Funding is an increasingly significant challenge for individuals, organizations, and even governments. Haven’t you felt the heat in your finances recently? Recently, In Kenya, Kenyans were practically breaking the internet with conversations about the 2024-25 financial year budget. Frustrated citizens dominated the conversation, feeling the government is simply exploiting their already strained finances. The Kenyan government, in its defense, argues that citizens must fund government projects and day-to-day operations. Whether the government is justified or using the money effectively is beyond the scope of this article because I am not permitted to speak on behalf of Netizens 😊

My first encounter with budget discussions came in Standard 4 (Grade 4). During the parliamentary budget reading, all students gathered around a wooden radio for a session we called “broadcasting.” How I miss those days! Patriotism was at an all-time high. I don’t know why they played the song “Kila mtu atauchukua mzigo wake” (Swahili for “Each person shall carry their burden”) by the Arusha Gospel Choir just before the reading. It’s the only thing I remember from the “broadcasting” session because the finance minister’s jargon went way over my abilities.

Since then, a lot has changed. Public engagement, in addition to creative tax strategies and the often-theatrical behavior of Members of Parliament, comprises the changes. For years after the budget reading, we relied on newspapers to analyze the budget. They would present data with sensational headlines like “Bread, Beer, Cigarettes and Omena Gain Big as Village Farmers and Second-Hand Clothes Traders Lose.” That was all the public knew. Budget conversations ended there. This is no longer the case.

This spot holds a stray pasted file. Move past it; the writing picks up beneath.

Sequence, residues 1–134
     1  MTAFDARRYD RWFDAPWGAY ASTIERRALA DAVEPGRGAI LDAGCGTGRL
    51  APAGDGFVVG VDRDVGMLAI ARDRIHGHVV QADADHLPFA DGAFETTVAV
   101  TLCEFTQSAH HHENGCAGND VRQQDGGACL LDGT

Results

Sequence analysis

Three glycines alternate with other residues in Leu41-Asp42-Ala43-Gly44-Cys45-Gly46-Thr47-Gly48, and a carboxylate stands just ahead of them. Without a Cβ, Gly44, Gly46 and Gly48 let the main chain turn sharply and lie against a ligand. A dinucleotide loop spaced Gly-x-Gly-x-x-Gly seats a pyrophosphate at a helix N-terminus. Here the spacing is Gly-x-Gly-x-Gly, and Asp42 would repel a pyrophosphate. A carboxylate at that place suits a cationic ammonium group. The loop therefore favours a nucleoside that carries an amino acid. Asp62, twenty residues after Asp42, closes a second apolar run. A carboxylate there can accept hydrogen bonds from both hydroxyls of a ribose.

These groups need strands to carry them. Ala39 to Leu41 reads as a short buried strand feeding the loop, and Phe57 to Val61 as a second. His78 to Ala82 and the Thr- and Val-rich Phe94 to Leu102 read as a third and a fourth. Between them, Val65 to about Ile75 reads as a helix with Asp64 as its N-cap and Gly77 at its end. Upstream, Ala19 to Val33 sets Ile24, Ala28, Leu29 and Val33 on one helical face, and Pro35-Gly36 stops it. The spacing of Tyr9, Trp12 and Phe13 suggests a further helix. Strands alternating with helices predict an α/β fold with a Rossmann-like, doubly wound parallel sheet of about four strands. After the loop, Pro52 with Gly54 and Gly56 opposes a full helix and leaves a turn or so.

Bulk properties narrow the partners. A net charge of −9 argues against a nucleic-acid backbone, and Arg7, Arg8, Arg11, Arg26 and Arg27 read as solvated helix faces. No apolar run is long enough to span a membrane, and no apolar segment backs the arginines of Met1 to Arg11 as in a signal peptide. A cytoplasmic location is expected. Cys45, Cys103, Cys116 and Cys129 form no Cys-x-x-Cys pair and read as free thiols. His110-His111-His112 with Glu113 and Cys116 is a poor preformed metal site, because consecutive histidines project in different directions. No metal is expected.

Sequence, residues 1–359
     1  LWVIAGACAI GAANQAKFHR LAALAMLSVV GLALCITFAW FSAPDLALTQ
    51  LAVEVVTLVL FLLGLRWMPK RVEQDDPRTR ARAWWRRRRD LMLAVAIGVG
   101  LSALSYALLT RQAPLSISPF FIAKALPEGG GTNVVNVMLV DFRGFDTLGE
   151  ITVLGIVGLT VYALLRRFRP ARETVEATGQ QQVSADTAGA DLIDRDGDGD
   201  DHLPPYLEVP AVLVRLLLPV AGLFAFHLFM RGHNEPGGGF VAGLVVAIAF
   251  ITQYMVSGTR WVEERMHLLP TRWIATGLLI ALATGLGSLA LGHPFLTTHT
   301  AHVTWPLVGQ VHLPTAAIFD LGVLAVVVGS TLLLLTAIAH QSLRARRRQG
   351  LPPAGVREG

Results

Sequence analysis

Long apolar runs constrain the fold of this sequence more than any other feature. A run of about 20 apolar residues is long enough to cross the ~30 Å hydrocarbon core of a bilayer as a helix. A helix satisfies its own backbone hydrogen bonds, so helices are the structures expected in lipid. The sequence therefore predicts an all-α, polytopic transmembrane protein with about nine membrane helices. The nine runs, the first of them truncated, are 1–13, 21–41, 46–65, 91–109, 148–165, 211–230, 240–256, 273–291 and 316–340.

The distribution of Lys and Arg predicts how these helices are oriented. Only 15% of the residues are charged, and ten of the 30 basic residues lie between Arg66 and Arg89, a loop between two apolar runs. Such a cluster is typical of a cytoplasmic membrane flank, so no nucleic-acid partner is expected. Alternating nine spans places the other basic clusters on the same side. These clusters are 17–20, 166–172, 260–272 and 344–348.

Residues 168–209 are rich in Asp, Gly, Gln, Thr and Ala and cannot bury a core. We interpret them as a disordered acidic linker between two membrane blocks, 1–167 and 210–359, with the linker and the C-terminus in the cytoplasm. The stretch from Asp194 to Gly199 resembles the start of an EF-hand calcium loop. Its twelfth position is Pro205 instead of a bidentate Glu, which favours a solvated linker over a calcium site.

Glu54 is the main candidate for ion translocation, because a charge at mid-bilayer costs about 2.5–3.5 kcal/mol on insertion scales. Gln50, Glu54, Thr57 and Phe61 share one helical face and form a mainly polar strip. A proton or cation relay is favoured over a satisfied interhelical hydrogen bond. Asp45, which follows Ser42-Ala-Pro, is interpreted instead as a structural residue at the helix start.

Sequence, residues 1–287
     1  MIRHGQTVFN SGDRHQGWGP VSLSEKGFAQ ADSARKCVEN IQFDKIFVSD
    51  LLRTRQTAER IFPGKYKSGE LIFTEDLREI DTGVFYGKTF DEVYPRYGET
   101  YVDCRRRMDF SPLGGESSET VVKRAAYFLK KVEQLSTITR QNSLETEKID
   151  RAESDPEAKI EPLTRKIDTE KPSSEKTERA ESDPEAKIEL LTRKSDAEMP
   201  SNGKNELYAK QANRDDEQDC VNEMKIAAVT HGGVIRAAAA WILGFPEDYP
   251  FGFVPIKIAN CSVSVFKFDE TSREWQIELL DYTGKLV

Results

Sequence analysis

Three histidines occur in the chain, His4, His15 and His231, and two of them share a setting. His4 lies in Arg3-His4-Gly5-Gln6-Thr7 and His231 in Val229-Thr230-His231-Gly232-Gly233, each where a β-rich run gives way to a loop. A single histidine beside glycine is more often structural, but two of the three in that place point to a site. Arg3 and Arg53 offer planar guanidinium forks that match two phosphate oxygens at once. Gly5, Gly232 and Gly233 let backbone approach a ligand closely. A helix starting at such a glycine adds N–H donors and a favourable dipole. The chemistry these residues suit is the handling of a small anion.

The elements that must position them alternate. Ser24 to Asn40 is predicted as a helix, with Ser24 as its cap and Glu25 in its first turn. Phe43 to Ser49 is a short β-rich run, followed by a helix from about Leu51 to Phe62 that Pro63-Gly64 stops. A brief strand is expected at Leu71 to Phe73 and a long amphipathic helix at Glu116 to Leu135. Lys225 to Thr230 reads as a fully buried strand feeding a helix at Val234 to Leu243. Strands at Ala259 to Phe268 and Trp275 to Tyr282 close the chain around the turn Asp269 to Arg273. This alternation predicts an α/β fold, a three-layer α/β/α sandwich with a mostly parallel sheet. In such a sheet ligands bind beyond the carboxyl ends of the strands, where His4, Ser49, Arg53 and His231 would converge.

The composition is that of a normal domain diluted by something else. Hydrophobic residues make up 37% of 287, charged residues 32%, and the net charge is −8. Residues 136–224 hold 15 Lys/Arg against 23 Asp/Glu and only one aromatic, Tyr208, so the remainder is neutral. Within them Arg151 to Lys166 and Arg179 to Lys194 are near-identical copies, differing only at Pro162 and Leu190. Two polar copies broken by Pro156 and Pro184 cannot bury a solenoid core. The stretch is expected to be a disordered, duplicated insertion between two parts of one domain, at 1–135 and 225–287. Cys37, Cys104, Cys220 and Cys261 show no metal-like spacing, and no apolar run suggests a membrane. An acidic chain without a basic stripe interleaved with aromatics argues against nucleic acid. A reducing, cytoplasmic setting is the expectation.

Within weeks of the budget reading, various individuals had already analyzed the bill’s contents. Clear, summarized versions of the bill were readily available in various media formats and channels including in Tik Tok. Subsequently, intense discussions erupted about the bill’s impact on the public and why Parliament might need to reject it. Unlike previous governments, the current one cannot simply present the budget as a done deal. The public is now actively interested in the conversation and shaping decisions around national finances. In governance, this is called public participation, and in communications, it’s called stakeholder engagement.

Stakeholders are individuals or groups with an interest in an organization, or those the organization has an interest in (Freeman, 1984). These can be individuals, groups, or other organizations (Tarode & Shrivastava, 2022). Stakeholders are crucial because their actions can determine an organization’s success or failure (Cornelissen, 2014; Freeman, 1984; Tarode & Shrivastava, 2022).

The concept of stakeholder engagement gained prominence in stakeholder literature in the 2000s. This arose from the need to differentiate between the existing one-sided stakeholder management and a more balanced approach that considers the interests of both the stakeholders and the organization (Kujala et al., 2022). If we consider Kenya as an entity and its citizens as stakeholders, then the government should take a keen interest in what its stakeholders are saying regarding the finance bill.

While the government has the power to push its agenda, the overall success of its endeavors will largely depend on public support. That’s why I urge anyone with any level of influence in the government to consider the outcome of stakeholder engagement activities during the budget-making process. In politics, One Man, who claims to be Truthful, will call stakeholder engagement as the act of listening to the ground where the ground refers to stakeholders. For now, it is better to better what is better.

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